Wendy Stanton, Refuge Biologist

Mattamuskeet National Wildlife Refuge (MNWR), located in northeastern North Carolina, was established by Executive Order 6924, dated Dec. 18, 1934 …as a refuge and breeding ground for birds and wild animals, and… for use as an inviolate sanctuary, or for any other management purpose, for migratory birds. 16 U.S.C. § 715d (Migratory Bird Conservation Act of 1929).

Most of the refuge is comprised of Lake Mattamsukeet, North Carolina’s largest naturally formed lake.  The lake covers approximately 40,000 acres. It is difficult to exaggerate the true importance of the lake and surrounding freshwater marsh impoundments and wetlands to regional wintering waterfowl.  This refuge is a magnet that attracts hundreds of thousands of migrating and wintering waterfowl that utilize the Atlantic Flyway. 

Map of Mattamuskeet NWR

Since the refuge was established, waterfowl and other bird monitoring began shortly aftwerwards and continues in various forms.  MNWR began participating in the Integrated Waterbird Management and Monitoring (IWMM) program during the initial pilot phase in spring of 2011.  

Adopting IWMM has allowed MNWR to standardize its monitoring protocols for waterbird counts, unit conditions, and annual vegetation composition and track its management actions. Most importantly, IWMM allows MNWR the ability to share data regionally and at the flyway scale through the Avian Knowledge Network.  This has never been possible before.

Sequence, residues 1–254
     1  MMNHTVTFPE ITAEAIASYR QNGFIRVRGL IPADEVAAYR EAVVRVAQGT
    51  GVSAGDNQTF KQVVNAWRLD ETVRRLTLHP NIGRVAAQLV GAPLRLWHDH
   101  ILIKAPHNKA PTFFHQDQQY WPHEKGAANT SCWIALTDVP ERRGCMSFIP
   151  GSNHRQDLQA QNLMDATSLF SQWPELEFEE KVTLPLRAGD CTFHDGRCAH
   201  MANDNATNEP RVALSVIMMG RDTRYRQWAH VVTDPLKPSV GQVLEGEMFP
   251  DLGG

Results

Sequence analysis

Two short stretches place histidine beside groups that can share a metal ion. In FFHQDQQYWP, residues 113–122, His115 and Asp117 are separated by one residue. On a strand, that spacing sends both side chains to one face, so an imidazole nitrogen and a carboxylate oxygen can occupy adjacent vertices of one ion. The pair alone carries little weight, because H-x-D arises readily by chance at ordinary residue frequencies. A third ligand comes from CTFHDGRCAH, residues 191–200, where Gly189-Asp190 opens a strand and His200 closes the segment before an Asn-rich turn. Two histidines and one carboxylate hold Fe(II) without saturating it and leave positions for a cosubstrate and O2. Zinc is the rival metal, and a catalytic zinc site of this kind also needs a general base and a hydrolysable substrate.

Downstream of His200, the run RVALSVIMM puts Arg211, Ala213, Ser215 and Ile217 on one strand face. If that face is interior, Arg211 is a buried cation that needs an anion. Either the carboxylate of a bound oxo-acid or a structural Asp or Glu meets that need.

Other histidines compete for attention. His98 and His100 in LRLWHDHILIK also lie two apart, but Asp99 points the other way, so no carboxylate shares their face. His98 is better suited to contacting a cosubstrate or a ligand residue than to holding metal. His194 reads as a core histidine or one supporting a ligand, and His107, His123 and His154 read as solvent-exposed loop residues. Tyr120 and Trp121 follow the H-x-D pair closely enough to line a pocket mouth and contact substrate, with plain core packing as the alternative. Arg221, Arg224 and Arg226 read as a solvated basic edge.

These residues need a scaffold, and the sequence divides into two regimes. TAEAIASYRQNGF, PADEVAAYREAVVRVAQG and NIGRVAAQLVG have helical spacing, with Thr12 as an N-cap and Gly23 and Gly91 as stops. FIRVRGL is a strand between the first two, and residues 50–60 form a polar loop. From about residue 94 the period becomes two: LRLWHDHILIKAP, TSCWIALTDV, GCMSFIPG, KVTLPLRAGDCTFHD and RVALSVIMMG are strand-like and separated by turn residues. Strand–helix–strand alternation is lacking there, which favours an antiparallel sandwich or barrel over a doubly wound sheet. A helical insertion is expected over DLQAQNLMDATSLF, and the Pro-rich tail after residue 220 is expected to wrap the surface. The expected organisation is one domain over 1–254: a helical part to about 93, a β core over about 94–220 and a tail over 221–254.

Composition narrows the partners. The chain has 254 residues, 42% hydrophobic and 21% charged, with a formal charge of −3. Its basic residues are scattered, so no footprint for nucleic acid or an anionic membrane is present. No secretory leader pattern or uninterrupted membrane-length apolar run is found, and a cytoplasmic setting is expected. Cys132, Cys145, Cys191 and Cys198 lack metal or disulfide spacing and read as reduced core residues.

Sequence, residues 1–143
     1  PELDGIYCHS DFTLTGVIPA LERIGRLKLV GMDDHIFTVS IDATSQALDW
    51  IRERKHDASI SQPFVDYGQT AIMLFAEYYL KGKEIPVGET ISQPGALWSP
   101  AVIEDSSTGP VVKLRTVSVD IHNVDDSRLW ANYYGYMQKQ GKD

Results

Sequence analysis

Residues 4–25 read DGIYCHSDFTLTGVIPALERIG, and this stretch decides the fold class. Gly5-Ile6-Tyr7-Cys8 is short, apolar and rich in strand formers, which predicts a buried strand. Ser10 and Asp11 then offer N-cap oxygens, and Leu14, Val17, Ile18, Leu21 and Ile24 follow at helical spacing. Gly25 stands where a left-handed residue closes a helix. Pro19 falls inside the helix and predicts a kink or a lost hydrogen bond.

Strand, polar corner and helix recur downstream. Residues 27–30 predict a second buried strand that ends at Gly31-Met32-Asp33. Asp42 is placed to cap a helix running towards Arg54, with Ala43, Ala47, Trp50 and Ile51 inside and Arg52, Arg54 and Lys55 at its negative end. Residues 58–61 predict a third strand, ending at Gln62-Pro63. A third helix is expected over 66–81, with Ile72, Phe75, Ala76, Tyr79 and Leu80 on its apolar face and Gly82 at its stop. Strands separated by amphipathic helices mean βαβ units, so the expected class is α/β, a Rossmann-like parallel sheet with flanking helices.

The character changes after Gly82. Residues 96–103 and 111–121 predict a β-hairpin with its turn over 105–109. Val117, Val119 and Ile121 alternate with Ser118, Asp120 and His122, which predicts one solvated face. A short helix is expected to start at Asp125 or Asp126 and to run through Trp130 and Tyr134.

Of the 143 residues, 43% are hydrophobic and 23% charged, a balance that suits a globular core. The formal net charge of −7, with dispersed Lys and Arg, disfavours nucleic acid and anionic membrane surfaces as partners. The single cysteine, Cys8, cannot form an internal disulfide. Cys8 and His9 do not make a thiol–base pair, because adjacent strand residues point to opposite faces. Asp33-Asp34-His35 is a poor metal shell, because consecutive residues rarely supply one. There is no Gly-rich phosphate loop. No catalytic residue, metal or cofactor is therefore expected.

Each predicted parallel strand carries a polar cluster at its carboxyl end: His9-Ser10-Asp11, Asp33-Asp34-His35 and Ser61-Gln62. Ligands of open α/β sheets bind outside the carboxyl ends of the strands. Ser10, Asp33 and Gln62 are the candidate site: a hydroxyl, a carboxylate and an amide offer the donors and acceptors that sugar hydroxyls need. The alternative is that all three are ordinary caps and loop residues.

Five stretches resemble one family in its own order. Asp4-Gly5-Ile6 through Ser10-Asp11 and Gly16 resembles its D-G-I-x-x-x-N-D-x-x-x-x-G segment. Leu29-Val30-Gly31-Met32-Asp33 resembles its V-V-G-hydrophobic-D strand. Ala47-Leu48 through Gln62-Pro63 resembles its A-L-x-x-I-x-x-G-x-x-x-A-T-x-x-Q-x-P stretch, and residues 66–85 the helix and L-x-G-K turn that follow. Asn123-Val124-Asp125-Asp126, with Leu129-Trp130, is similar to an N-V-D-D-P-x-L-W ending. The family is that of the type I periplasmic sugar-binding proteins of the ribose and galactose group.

Managed freshwater impoundments (12 on the refuge totaling 1,933 acres) are crucial to meeting the purpose of MNWR.  These areas provide foraging and resting habitat for migrating and over-wintering waterfowl and are listed as priority habitats for the Habitat Management Plan (HMP). 

Wintering waterfowl on a managed impoundment at Mattamuskeet NWR

IWMM data collected at MNWR help determine if our HMP objectives are being met.  These objectives include, but are not limited to: 1) areas of good/fair waterfowl foods (plants) vs. areas of poor waterfowl foods; 2) seasonally-appropriate water levels; 3) waterfowl use in fall and winter, and 4) migrating shorebird use in spring and fall. In addition, annual vegetation surveys allow us to monitor trends in vegetation response and bird use as it relates to our management actions.  Finally, with the ability to track our management actions using the online IWMM database, we can evaluate and adjust our annual HMP.

Continued use of IWMM will help MNWR meet its primary purpose as a premier migratory waterfowl refuge in the southeast!